Darren Morgan and Scot Brown picked up the 2023 First Frontier Circuit heading and heeling titles Jan. 13, 2024, at the circuit finals in Harrisburg, Pennsylvania. It was a benchmark feat for both men as the wins mark Morgan’s 10th and Brown’s first.
Morgan, who headed for Britt Bockius in 2023, won his first circuit title in 2003. Two decades later, the New York farrier has accumulated 20 First Frontier year-end titles—10 in the team roping, nine in the all-around and one in the steer wrestling.
“I feel humble,” Morgan said. “I think that when a person is younger and they win the circuit, you just feel like you set out to do that and you’re going to do it. Now, I’m 46 years old, and we’d like to win the circuit but there’s a lot of young talent and sometimes they rope a little faster. I felt like, ‘Wow, this is really good.’ It’s a sense of accomplishment.”
Brown, on the other hand, is just starting his circuit title collection. The first year-end title for his trophy room came as a surprise; he’d assumed their long time in the second round of the circuit finals had taken him out of the race. But as the No. 3 heeler in the circuit with nothing to lose, Brown and his partner, Waylon Cameron, decided to go at the last round aggressively.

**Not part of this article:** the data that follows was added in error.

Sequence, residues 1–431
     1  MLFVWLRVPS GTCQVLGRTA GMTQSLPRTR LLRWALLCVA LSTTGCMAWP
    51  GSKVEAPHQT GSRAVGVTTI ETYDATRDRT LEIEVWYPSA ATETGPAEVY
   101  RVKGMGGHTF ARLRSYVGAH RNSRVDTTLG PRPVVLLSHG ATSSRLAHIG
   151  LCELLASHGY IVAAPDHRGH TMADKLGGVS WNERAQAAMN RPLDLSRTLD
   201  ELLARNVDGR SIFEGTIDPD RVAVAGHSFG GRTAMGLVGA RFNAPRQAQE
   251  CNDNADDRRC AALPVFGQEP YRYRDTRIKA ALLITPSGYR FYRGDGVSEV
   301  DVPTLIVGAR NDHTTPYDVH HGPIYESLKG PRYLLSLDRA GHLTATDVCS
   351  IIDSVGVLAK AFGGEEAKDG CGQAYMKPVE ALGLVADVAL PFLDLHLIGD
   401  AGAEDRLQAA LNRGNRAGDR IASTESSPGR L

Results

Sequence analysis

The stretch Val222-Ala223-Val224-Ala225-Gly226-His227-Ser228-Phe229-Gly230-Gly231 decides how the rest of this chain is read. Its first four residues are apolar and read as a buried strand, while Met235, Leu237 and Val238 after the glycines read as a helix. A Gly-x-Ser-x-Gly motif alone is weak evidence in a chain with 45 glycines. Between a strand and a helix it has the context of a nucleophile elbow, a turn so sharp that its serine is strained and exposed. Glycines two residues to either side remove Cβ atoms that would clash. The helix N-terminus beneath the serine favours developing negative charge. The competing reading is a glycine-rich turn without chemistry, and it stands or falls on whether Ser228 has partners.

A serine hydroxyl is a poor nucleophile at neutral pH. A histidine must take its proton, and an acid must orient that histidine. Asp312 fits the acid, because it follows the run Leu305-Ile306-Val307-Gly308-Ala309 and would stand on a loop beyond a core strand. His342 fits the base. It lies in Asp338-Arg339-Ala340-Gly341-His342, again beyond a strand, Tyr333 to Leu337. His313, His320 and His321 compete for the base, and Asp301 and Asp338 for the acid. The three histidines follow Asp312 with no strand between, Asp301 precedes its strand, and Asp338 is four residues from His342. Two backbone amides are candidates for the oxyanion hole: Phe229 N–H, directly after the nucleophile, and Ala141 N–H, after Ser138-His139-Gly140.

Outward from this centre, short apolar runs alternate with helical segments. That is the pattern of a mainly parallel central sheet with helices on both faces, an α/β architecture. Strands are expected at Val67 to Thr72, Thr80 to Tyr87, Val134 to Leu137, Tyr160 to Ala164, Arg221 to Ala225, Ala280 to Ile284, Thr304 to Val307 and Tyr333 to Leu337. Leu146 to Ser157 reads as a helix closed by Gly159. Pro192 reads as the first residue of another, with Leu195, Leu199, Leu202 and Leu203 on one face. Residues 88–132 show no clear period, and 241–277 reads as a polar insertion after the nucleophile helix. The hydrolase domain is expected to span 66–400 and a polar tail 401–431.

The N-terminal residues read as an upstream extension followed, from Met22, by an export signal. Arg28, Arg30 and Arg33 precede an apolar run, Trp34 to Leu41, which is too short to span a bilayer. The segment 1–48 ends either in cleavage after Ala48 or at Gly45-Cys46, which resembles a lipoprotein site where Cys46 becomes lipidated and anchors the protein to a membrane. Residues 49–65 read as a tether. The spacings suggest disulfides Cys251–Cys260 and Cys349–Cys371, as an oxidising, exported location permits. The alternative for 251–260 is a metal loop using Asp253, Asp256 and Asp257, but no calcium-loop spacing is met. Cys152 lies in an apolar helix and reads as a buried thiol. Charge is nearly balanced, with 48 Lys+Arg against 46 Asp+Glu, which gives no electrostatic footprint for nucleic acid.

“We were 5.1 and won the round,” Brown, 46, explained. “I went back to the stall, and I was getting ready for the calf roping when one of my best friends came around and said, ‘You just won the circuit.’ I said, ‘You’re crazy.’ I didn’t think I had a chance, but it worked out the way I wanted it to, and I didn’t really plan it because we were just running through rounds.”
Morgan and Brown will team up for the 2024 NFR Open in Colorado Springs come July, and Morgan thinks they’ll make a powerful team.
“It’s a great opportunity and I am looking forward to going out there,” Morgan said. “Scot Brown, he’s aggressive. He likes to heel fast; when you go out there and compete against all those really good guys, you have to have a guy who wants to throw fast and is aggressive. I think that we have just as good a chance as anyone.”
Darren Morgan overcomes adversity to win First Frontier Circuit title No. 20
While 20 year-end circuit titles might seem old hat, this year’s win meant a little more. In February 2022, Morgan lost his wife Danielle to a four-year battle with cancer. He and their 13-year-old son Tanner are practically inseparable, and they’ve chosen to take on life with a positive outlook.
“Everybody has a story,” Morgan said. “Danielle was a huge support system, and we got through that and have just really tried to stay positive and make her proud in everything we do. And I think we’ve done a good job.”
Morgan was again tested at the start of the 2023 ProRodeo season when his good horse died. With one backup horse rehabbing from an injury and another being a little too green, Morgan found himself struggling until fellow First Frontier cowboy Jacob Rounds let him ride his horse Oakley, a gesture Morgan greatly appreciated in his hunt for another year-end title.
Morgan was also extremely grateful for the opportunity to rope with 13-time NFR heeler Bockius, and recognizes how vital Bockius was to his title win.